By Michael Bielawski
Several residents during the public speaking portion of the Nov. 6 Burlington City Council meeting expressed frustration that the city isn’t getting more proactive in dealing with rising crime rates or a general deteriorating faith in government.
Another resident commented on the poor moral standards in leadership including at the national level, and another says downtown businesses are really being impacted by the public safety crisis.
In all several residents voiced concerns on various social and safety issues and more.
Kelly Devine says downtown city workers need more support
Kelly Devine thanked the city for a recent $100,000 investment in downtown area business. Devine has been executive director for the Burlington Business Association since 2007.
“People are reporting that foot traffic is down and their sales are dropping over the period from the same time last year,” she said. “And specifically they talk about public safety concerns as it relates to their employees and people being afraid to walk to and from their car, people quitting jobs over not feeling safe.”
She continued that she would like to see at least half of the money dedicated to protecting downtown employees.
“I would say my one piece of feedback is that it wasn’t clear in the memo about the safety program for downtown workers. I know that it’s a top priority for us and for those with businesses downtown and those who want to visit and come to downtown.”
Stephen Whittaker wants more response from the Council
Resident Stephen Whittaker was upset about a lack of response from the board to his numerous inquiries about safety matters.
“I am bringing public safety issues before you and you are not putting them on the agenda,” he said to the board. “I made three calls to you in October and you did not respond to one of them.”
He talked about how conditions at the harbor marina are hurting the homeless.
“Keeping people out of the bathrooms, not policing the plaza, not emptying the trash, leaving the needles and the rubbers, etc.,” he said. “… You are aggravating the emergency of the unhoused by shutting down all the outdoor bathrooms for the season and removing the trash cans where the joggers and the dog walkers put their pet waste. You are aggravating the despair of the unhoused, the hopelessness, and the addiction.”
He also suggested that the city has been too slow to respond to accusations of open-meeting law violations.
Todd Lacroix says poor Democrat leadership is making Trump popular again
Todd Lacroix expressed that the current leadership is morally bankrupt.
“Why do we have children who have lost their minds? Because we have leaders and parents who don’t care and are morally and spiritually bankrupt. Why do people not care? Because they’ve been taught to not care.”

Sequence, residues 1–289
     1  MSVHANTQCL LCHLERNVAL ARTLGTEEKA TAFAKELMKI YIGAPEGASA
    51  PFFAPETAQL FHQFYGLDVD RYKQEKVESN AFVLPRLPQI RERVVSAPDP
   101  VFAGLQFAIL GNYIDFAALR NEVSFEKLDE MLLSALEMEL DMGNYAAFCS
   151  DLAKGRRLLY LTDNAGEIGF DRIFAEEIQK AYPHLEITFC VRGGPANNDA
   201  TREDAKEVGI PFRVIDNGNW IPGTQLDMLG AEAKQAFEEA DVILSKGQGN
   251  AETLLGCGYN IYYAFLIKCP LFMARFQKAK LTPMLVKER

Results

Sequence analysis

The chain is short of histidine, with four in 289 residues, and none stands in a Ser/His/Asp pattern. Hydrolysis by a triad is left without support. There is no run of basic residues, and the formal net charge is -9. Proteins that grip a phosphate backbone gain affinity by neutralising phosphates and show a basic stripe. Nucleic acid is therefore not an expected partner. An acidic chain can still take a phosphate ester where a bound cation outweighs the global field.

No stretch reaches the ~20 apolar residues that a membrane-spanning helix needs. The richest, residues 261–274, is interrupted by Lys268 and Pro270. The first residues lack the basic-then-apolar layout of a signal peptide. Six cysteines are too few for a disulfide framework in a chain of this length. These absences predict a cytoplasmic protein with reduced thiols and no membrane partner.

He then commented on the questionable mental status of President Biden.
“Here we are a country very, very, very divided. And we right now have a scenario of what appears to be a senile person in charge, doesn’t even know where he is half the time, and everybody is acting like it’s OK.”
He also noted that Trump is leading Biden in the latest national polls and that the current liberal leadership is taking their positions in power for granted.
“People seem to want Trump back, that Biden and the Democrat’s leadership right now is so disastrous that Trump is doing better in the polls. Why is that you ask? You never ask yourself your culpability in causing these circumstances. No, you just crack down on people for talking about it.”
David Maher says to get tougher on low-level drug offenders
Maher suggested that the current policies for dealing with low-level drug dealers and users are too soft and it’s inhibiting their opportunities to get help.
“I’ve heard the police, politicians, and ordinary citizens say we shouldn’t arrest low-level drug dealers and drug users because we want to show kindness and harm reduction, he said.
“Yet time and time again
I’ve heard from people that they only got off drugs and turned their lives around after an encounter with the police. I heard it in this auditorium three weeks ago and I’ve heard it in the news and I’ve heard it firsthand from friends and colleagues.”
He said rehab should be an alternative to prison in some scenarios. He offered a proposal to use a currently underutilized property as a potential rehab center.
“Now you may say that we currently don’t have enough beds available in rehab facilities but I have an idea. The Lyndon State University campus is highly underutilized and has everything needed to create a world-class drug rehabilitation facility. It has dorms, a cafeteria, classrooms, athletic facilities, and so on.”
The author is a reporter for the Vermont Daily Chronicle and the Burlington Daily News